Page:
The analysis of the regulation above remains important. Clovis and Whitaker were described as “great friends” during their Iowa campaign, and a campaign chairman is a principal advisor. A compelling case could be made that Clovis fits the definitions of both personal and political relationships as they relate to Whitaker, but there is still the question of whether Clovis is “substantially involved in the conduct that is the subject of the investigation or prosecution,” namely the conduct being investigated by Robert Mueller.

Clovis was reportedly “an unnamed ‘campaign supervisor’ in the indictment of former Trump campaign aide George Papadopoulos.” Papadopoulos pleaded guilty to making false statements to the FBI. Papadopoulos has claimed ever since, in one form or another, that he was “entrapped.”

That aside, it does not appear that Whitaker, merely by commenting on the Mueller Probe or opining on other things, has clearly established a personal or political relationship of such magnitude (as defined here) that he would be required to recuse himself.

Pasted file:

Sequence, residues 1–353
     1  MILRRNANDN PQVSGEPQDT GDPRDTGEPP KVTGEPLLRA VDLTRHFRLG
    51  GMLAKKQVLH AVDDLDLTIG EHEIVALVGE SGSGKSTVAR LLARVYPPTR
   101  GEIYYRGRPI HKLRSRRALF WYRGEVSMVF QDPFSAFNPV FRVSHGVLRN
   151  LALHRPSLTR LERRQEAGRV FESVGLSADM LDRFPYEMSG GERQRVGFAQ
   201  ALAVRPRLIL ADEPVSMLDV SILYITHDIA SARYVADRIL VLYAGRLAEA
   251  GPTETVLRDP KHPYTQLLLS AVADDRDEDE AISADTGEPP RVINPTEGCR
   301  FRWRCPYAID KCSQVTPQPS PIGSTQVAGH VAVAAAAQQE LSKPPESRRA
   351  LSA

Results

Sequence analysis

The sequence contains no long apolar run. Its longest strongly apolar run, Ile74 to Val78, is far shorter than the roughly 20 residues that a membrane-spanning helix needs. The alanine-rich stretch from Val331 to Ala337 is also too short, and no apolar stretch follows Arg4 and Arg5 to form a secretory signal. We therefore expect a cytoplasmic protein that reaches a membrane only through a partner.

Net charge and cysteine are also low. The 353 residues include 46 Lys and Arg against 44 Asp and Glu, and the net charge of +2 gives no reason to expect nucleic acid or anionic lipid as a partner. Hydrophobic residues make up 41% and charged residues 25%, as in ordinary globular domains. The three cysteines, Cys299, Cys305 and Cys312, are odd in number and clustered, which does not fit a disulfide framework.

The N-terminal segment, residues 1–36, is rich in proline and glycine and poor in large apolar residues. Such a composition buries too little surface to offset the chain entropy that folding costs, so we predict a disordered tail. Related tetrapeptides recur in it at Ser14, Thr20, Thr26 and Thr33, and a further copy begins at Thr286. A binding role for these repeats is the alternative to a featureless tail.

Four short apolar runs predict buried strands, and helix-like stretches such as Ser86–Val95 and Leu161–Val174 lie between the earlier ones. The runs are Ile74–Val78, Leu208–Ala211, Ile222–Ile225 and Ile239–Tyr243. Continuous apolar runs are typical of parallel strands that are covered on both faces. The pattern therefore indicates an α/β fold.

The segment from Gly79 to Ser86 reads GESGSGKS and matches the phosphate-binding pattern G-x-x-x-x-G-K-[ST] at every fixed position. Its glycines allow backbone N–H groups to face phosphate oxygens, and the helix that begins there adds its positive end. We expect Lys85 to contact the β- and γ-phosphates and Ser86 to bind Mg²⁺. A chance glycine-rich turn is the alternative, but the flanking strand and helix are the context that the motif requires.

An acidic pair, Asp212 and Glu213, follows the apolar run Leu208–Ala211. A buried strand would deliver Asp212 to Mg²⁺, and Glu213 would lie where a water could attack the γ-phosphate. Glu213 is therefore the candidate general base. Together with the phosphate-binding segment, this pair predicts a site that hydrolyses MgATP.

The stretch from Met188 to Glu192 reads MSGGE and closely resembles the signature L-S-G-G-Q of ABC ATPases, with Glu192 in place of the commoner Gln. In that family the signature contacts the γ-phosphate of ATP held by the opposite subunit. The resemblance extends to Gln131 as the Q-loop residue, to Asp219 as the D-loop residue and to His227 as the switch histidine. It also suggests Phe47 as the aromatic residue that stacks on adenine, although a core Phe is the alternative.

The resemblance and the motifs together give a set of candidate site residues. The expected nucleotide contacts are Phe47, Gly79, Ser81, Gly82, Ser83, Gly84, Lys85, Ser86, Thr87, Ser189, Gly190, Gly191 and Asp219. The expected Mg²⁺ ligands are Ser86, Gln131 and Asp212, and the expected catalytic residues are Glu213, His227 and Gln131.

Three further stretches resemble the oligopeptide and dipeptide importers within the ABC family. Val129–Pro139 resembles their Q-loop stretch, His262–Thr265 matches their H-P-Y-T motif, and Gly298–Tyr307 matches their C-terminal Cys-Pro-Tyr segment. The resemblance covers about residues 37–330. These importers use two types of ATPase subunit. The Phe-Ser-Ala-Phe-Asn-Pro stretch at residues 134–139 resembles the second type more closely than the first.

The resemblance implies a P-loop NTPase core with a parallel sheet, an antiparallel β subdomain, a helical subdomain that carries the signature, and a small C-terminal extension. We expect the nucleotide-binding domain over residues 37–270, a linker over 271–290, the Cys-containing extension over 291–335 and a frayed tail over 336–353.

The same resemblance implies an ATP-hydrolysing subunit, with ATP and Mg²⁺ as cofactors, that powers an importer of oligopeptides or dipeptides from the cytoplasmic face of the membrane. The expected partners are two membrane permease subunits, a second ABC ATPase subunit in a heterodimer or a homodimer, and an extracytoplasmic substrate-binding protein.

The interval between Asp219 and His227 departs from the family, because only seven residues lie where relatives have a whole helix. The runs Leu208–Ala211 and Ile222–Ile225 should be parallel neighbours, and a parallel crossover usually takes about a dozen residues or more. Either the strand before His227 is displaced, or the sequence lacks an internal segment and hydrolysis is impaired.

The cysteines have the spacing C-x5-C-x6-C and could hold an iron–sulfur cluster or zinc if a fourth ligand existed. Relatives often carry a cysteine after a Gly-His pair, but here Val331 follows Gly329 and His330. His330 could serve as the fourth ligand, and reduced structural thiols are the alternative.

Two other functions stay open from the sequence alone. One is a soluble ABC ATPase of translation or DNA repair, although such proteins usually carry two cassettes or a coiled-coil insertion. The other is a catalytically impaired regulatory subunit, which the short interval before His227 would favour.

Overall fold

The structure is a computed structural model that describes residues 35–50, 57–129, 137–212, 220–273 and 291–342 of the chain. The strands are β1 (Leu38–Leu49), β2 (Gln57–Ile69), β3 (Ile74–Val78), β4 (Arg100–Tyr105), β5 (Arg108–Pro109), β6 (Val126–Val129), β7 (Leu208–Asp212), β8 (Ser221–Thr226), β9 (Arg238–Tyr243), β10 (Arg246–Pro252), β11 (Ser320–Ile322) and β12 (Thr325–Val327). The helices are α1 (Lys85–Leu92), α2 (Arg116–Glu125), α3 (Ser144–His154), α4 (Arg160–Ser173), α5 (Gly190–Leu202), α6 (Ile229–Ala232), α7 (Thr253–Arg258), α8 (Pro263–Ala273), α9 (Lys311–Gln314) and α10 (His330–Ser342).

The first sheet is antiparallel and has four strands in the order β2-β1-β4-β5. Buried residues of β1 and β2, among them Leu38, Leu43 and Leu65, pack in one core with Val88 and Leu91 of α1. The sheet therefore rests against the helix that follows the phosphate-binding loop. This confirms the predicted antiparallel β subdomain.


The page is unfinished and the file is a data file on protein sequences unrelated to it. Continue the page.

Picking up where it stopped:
As Prof. Gillers states in the opening, it was Whitaker’s job to have a point of view on the issues. After all, he was Jeff Sessions’ chief of staff. Before that he was a federal prosecutor.

Asking the question of whether Mueller was operating out of the scope of his Russia Probe mandate is not a conflict.

ABA Model Rules 1.7-1.11, which cover conflicts of interest, do not indicate that there is necessarily an ethical or legal obligation for Whitaker to step aside, either. The same is true of the Department of Justice’s Ethics outline.

Editor’s note: this story was updated after publication in light of Whitaker’s known relationship with Mueller grand jury witness Sam Clovis. 

[Image via Chip Somodevilla/Getty Images]

Have a tip we should know? [email protected]

Filed Under:

Follow Law&Crime:

Matt Naham is the Senior A.M. Editor of Law&Crime.